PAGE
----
Some investors rely on dividends for growing their wealth, and if you're one of those dividend sleuths, you might be intrigued to know that Spark New Zealand Limited (NZSE:SPK) is about to go ex-dividend in just 4 days. The ex-dividend date occurs one day before the record date which is the day on which shareholders need to be on the company's books in order to receive a dividend. The ex-dividend date is of consequence because whenever a stock is bought or sold, the trade takes at least two business day to settle. Therefore, if you purchase Spark New Zealand's shares on or after the 16th of September, you won't be eligible to receive the dividend, when it is paid on the 1st of October.
The company's next dividend payment will be NZ$0.15 per share, on the back of last year when the company paid a total of NZ$0.25 to shareholders. Based on the last year's worth of payments, Spark New Zealand has a trailing yield of 5.2% on the current stock price of NZ$4.83. Dividends are a major contributor to investment returns for long term holders, but only if the dividend continues to be paid. So we need to investigate whether Spark New Zealand can afford its dividend, and if the dividend could grow.
Dividends are usually paid out of company profits, so if a company pays out more than it earned then its dividend is usually at greater risk of being cut. Spark New Zealand distributed an unsustainably high 121% of its profit as dividends to shareholders last year. Without more sustainable payment behaviour, the dividend looks precarious. Yet cash flows are even more important than profits for assessing a dividend, so we need to see if the company generated enough cash to pay its distribution. Over the last year it paid out 71% of its free cash flow as dividends, within the usual range for most companies.
It's disappointing to see that the dividend was not covered by profits, but cash is more important from a dividend sustainability perspective, and Spark New Zealand fortunately did generate enough cash to fund its dividend. If executives were to continue paying more in dividends than the company reported in profits, we'd view this as a warning sign. Extraordinarily few companies are capable of persistently paying a dividend that is greater than their profits.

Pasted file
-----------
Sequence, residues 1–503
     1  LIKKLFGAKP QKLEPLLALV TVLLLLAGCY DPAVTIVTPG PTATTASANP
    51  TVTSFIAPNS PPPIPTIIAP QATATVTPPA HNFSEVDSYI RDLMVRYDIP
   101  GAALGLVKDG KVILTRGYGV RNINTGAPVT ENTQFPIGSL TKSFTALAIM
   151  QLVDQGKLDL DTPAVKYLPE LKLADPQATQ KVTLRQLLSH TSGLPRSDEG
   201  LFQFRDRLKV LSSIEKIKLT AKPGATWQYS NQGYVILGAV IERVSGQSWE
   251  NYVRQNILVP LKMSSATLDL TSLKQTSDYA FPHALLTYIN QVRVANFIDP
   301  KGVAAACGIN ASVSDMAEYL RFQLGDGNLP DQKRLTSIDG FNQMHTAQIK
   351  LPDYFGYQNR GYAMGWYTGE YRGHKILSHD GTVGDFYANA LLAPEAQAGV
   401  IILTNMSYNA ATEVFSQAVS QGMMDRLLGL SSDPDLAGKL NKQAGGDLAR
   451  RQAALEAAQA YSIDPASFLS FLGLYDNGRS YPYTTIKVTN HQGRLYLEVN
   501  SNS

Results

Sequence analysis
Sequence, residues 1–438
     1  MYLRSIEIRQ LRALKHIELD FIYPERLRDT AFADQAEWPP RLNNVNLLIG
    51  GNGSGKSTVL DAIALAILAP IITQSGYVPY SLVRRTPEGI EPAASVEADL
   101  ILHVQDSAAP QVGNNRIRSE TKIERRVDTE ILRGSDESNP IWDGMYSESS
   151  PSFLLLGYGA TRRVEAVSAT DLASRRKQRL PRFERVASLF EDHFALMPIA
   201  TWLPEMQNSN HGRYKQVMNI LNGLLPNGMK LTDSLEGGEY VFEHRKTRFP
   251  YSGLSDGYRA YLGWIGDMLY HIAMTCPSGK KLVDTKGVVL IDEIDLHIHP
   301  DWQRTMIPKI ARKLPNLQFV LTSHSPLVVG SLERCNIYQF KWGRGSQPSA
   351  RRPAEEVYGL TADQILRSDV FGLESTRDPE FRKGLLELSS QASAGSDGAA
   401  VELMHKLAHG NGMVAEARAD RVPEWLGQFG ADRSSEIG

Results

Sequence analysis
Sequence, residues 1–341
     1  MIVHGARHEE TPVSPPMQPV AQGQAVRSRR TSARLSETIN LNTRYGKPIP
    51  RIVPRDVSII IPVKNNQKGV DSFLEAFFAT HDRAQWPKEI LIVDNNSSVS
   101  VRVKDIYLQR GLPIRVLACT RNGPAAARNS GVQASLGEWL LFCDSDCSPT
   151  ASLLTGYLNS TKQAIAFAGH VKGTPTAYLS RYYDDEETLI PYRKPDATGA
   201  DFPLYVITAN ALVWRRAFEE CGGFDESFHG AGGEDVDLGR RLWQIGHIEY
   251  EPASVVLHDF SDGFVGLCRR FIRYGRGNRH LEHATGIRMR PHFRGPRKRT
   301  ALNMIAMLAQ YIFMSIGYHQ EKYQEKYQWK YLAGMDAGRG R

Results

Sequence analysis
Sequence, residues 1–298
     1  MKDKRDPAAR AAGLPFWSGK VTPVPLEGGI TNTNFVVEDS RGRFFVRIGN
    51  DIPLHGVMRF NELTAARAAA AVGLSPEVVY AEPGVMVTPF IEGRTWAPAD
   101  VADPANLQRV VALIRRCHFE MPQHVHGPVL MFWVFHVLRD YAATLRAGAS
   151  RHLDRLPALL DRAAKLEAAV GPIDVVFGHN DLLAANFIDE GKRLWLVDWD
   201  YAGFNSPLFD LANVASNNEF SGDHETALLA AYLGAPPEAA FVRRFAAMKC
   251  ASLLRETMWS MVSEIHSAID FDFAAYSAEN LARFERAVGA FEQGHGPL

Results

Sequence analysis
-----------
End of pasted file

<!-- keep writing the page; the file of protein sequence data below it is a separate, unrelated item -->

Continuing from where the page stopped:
Have Earnings And Dividends Been Growing?
Companies that aren't growing their earnings can still be valuable, but it is even more important to assess the sustainability of the dividend if it looks like the company will struggle to grow. If earnings fall far enough, the company could be forced to cut its dividend. That explains why we're not overly excited about Spark New Zealand's flat earnings over the past five years. It's better than seeing them drop, certainly, but over the long term, all of the best dividend stocks are able to meaningfully grow their earnings per share.
Many investors will assess a company's dividend performance by evaluating how much the dividend payments have changed over time. In the past 10 years, Spark New Zealand has increased its dividend at approximately 6.0% a year on average.
The Bottom Line
Should investors buy Spark New Zealand for the upcoming dividend? Flat earnings per share and a high payout ratio are not what we like to see, although at least it paid out a lower percentage of its free cash flow. It's not that we think Spark New Zealand is a bad company, but these characteristics don't generally lead to outstanding dividend performance.
Although, if you're still interested in Spark New Zealand and want to know more, you'll find it very useful to know what risks this stock faces. To help with this, we've discovered 2 warning signs for Spark New Zealand (1 can't be ignored!) that you ought to be aware of before buying the shares.
We wouldn't recommend just buying the first dividend stock you see, though. Here's a list of interesting dividend stocks with a greater than 2% yield and an upcoming dividend.
This article by Simply Wall St is general in nature. We provide commentary based on historical data and analyst forecasts only using an unbiased methodology and our articles are not intended to be financial advice. It does not constitute a recommendation to buy or sell any stock, and does not take account of your objectives, or your financial situation. We aim to bring you long-term focused analysis driven by fundamental data. Note that our analysis may not factor in the latest price-sensitive company announcements or qualitative material. Simply Wall St has no position in any stocks mentioned.
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